“The Mojave, in the end, forms this collection. It gives it blood and propulsion and meaning. The desert lays bare Henley’s life and dreams, her regrets and humanity. She has managed to open herself up for us, welcoming us into this world, to this high desert love story.” —Travis Cravey, Glass: A Journal of Poetry
“The desert is rarely a place that people think about to seek comfort or refuge. In fact, the desert is too often framed as a wasteland. But Henley shows readers the duality of the place … In Starshine Road, Henley shows us junk piles, a father’s anger, a grandfather’s guns and lost memory, an unknown illness, a town’s economic despair—all these memories baring teeth. Yet, because of the duality of the desert, she also shows the care of a lover, luminescent star-fall, and other beauties … These are poems of loss, of desire, unambiguous and large, poems about memory and fortitude. These are poems to take with you when walking. These are poems to read under starlight.” —Laura Maher, The Bind (review features accompanying collage inspired by Starshine Road)
“Henley’s gaze is unshrinking; she directs our view to rust, junk, discarded shoes, flash floods, poverty and death. But Henley’s stark descriptors are not a denunciation. The thieving grackle is pearlescent, desert lilies bloom red, and a tooth-sized crystal shines in the dirt. These are love poems, but honest ones, written for a place and a life simultaneously hard and precious.” — Sonja Johanson, RHINO Poetry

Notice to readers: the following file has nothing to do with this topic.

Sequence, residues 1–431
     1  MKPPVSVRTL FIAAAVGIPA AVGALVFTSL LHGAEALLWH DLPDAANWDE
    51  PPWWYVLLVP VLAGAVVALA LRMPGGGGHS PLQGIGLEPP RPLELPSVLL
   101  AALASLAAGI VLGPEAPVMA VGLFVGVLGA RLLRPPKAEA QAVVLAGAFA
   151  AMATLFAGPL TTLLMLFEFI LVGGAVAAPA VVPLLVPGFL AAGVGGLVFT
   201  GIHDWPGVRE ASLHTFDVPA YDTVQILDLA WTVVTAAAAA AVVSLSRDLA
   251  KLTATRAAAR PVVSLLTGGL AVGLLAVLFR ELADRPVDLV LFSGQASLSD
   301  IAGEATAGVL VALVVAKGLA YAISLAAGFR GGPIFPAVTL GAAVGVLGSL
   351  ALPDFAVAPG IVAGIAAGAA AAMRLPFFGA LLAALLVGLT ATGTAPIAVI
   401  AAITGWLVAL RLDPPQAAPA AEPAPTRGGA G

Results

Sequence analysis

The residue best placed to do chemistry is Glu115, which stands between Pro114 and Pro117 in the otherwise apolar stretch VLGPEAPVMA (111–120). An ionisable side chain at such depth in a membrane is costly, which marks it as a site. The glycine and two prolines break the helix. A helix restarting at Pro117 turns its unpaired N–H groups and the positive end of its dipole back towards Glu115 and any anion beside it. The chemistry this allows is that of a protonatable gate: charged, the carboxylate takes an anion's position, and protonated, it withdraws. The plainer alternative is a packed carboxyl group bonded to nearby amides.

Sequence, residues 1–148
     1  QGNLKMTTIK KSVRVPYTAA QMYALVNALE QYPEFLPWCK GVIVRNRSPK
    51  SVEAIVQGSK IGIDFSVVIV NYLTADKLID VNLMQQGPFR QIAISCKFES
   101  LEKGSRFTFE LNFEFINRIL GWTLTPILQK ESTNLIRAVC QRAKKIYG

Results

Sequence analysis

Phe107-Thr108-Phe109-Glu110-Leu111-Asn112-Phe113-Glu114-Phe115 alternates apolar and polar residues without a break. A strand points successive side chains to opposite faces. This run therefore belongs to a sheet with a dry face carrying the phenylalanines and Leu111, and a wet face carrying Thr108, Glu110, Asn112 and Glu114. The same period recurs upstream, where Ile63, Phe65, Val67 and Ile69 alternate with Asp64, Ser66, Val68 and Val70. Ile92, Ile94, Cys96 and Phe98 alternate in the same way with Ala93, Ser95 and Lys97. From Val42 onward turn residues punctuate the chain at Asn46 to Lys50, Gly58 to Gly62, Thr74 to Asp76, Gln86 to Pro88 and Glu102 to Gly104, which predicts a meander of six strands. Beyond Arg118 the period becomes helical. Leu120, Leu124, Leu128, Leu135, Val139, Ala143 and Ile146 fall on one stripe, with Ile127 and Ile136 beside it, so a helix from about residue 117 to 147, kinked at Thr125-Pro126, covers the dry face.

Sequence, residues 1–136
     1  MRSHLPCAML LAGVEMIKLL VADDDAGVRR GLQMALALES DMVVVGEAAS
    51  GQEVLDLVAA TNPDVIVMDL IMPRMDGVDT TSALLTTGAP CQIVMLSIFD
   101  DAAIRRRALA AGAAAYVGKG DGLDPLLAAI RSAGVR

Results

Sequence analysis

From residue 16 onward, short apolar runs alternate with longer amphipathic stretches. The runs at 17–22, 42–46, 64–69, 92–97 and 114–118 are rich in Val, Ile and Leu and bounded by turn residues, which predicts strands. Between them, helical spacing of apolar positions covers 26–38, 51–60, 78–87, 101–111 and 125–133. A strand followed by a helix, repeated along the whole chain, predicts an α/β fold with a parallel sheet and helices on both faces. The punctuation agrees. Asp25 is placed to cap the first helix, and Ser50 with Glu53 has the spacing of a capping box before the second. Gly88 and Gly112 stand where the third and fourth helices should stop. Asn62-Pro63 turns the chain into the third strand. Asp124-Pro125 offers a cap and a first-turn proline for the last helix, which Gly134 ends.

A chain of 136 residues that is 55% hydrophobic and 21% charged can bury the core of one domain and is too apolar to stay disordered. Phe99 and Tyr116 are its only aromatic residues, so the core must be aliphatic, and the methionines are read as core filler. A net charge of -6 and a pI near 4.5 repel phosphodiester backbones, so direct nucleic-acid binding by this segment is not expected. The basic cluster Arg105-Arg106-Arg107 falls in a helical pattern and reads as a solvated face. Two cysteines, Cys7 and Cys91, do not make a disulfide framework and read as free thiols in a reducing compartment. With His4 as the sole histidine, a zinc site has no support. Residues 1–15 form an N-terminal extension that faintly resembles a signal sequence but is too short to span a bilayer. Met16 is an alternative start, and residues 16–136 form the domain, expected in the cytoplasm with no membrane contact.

Starshine Road shows us that the Mojave Desert is a place deeply deserving of poetry, a land imbued with the stark contrasts that inspire strong emotion. L. I. Henley has written a book that reveals the true nature of this implacable place, too often ignored and undervalued, as a mysterious and fascinating land.” —Erica Goss, Sticks & Stones
“The eye of childhood is large and clear: it is innocent and perceptive, unrelenting and illuminating. In Starshine Road, L. I. Henley brings her reader back to her earliest years ... Like the desert in which she came of age, Henley’s poems are wild, strong, and without apology.” —Leanna Stead, Main Street Rag

Author photograph by Troy Miller

L. I. Henley

L.I. Henley was born and raised in the Mojave Desert town of Joshua Tree, California. She is the author of six books including Starshine Road, her second full-length collection which won the 2017 Perugia Press Prize, the novella-in-verse, Whole Night Through, and the poetry and art book From the moon, as I fell with artist Zara Kand. Her work has appeared or is forthcoming in Rhino, Waxwing, Tupelo, Diode, Zone 3, Tinderbox, The American Literary Review, Thrush, Ninth Letter, and Arts & Letters. Her essay, “Drive!” was chosen by Jason Allen as the winner of the Arts & Letters/Susan Atefat Prize for Creative Nonfiction in 2020. Visit her at